The 75th Golden Globe Awards last night was a pretty rad celebration of fierce women finally standing up to the powerful men who've kept them silent for too long.

But it wasn't perfect.

Though the vast majority of actors present chose to wear black in solidarity with the #MeToo and #TimesUp movement, that didn't preclude problematic moments — men with reputations as harassers and abusers like James Franco and Gary Oldman collected awards while attempting to stand in solidarity with victims, and women were left out of some of the night's biggest categories, including Best Director.

Natalie Portman, who presented the directing award along with Ron Howard, called out the Golden Globes' sexist habits with great brevity and wit, knocking us all to the floor with her incredible ferocity.

Women presented a united front against sexual predators and inequality in Hollywood and beyond at the Golden Globes last night.

via: Getty Images

It was truly inspiring to see a bunch of women who have had enough finally feel empowered to speak out and stand up for themselves. But the Golden Globes wasn't perfect — women and people of color were still snubbed in that old-fashioned way, and while the outspoken nature of the broadcast was a breath of fresh air, it was a mere step. There's still so much that must be done. Oprah helped the cause with the massively inspiring speech she gave when she accepted the Cecil B. DeMille Award. After her speech, there wasn't a dry eye in the house. It would be a tough act to follow.

Someone had to continue the show, and that dreary task fell to Natalie Portman and Ron Howard, who presented the award for Best Director. America's Opie and the Black Swan did the whole, "Man, how do you follow Oprah?" thing before launching into the nitty-gritty of naming the nominees. But Natalie Portman's cue-up for the nominees was instantly iconic:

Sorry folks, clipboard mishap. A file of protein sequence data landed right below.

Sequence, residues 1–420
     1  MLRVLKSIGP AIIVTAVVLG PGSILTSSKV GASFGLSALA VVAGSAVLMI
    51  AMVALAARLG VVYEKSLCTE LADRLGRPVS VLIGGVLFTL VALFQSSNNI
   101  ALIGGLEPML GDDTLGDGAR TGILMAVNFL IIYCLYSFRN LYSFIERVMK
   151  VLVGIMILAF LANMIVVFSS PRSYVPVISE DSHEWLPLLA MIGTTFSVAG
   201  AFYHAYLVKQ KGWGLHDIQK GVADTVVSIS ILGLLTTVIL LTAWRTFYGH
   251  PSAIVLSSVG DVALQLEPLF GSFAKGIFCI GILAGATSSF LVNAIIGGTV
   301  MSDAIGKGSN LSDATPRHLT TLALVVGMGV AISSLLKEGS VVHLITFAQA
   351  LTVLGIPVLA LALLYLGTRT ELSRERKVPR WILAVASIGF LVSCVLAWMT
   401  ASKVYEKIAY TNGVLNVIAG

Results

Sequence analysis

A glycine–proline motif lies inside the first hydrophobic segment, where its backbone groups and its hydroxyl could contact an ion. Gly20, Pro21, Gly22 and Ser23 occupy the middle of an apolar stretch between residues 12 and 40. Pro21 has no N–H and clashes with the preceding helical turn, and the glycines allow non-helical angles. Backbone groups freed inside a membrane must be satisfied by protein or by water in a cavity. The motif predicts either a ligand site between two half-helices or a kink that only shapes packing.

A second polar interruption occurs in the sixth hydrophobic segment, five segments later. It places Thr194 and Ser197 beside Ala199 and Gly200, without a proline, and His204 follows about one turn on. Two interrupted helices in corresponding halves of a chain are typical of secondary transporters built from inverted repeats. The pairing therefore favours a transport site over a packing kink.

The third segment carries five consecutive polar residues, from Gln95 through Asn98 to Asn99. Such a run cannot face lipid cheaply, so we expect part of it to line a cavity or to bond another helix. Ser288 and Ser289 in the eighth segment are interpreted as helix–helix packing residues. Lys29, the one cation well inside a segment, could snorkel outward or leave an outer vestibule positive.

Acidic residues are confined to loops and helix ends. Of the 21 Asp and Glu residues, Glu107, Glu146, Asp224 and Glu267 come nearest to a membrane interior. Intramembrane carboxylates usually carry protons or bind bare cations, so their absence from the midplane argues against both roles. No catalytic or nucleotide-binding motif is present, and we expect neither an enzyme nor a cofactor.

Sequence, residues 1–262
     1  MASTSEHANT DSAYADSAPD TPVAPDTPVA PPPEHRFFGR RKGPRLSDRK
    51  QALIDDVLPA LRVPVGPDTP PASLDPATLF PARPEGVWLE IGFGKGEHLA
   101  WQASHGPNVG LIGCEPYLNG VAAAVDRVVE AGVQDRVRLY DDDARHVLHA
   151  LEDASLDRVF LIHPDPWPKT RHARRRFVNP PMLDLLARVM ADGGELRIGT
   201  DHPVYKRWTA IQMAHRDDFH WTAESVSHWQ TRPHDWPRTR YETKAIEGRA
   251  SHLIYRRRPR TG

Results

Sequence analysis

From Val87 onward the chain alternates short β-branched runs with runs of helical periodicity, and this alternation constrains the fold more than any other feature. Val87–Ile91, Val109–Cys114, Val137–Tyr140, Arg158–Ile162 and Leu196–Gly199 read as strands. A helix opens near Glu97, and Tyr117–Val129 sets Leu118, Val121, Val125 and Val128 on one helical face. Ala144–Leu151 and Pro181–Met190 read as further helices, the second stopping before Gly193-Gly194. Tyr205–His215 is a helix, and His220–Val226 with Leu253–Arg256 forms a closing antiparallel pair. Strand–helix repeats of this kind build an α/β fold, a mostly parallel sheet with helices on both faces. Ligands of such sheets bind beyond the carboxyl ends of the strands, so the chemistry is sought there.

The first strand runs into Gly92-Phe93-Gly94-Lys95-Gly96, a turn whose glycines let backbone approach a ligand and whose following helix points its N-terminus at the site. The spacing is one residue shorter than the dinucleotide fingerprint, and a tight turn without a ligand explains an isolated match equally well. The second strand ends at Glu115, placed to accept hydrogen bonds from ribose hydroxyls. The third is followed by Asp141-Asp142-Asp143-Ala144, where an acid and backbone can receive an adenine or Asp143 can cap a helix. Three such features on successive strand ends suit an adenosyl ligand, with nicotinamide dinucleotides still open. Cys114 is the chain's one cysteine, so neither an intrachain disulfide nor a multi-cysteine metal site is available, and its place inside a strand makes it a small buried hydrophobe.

"And here are the all-male nominees," Portman spit out into the mic. The words were clearly dripping with disdain. After all, Lady Bird won Best Picture and Best Actress, but director Greta Gerwig was left off the ballot. Barbra Streisand arrived on stage later in the show and expressed how appalled she was that she was the last woman to win the Golden Globe for directing, 34 years ago, for Yentl. For all the progress that's been made in the past few months, the actual award ceremony was still tragically stuck in the past.

Needless to say, however, Natalie Portman's one sentence pretty much slayed the Internet.

Fellow actors in the room whooped with delight, and everyone watching at home nearly slid off their easy chair and into a puddle on the living room floor.

Natalie Portman actually did that.

It didn't even matter what winner Guillermo del Toro said in his acceptance speech — no one could hear him! We were all too busy trying to find the sun again after Natalie Portman threw that epic shade.

It took hours — no, it will probably take days — for us to recover from her badassery.

It might seem like a small jab at a giant institution, but that's the point — Natalie Portman felt emboldened enough by the mood of the night to call out the very show she was on. We've reached a turning point, folks, and Natalie Portman's statement proves it...

Women are no longer afraid to be rude.

They're supporting each other in such a way that they aren't worried anymore about ruffling feathers in the industry or ruining their careers. If powerful men decide to blacklist women like Natalie Portman from their movies for brave comments like hers, there are plenty of women who would hire her in an instant.

That's where we are in this movement, and it's beyond refreshing. It's vital, and it's about time.

Not to mention, it was totally great to see vicious Natalie Portman return. (Remember when she rapped on SNL and Angry Natalie Portman became everyone's favorite?)

If Natalie Portman's new movie Annihilation is anything like her performance on the Golden Globes, this is going to be the movie of the year.

Listen, Natalie Portman saying "all-male nominees" didn't end sexism once and for all. It probably didn't even end sexism in award shows. But it's a small step toward women calling out the systems that have oppressed them.

And the result of that will be more women taking what's theirs.

There is literally no downside to women having more control over their lives and having the power to speak out for themselves.

The truth, as Gina Rodriguez so eloquently displays in this tweet, hurts:

The truth that Natalie Portman put out there with her statement is that as much as women have done so far, it's not enough. Wearing black and starting the conversation is great, but it's only the beginning. We cannot wait to see what happens from here.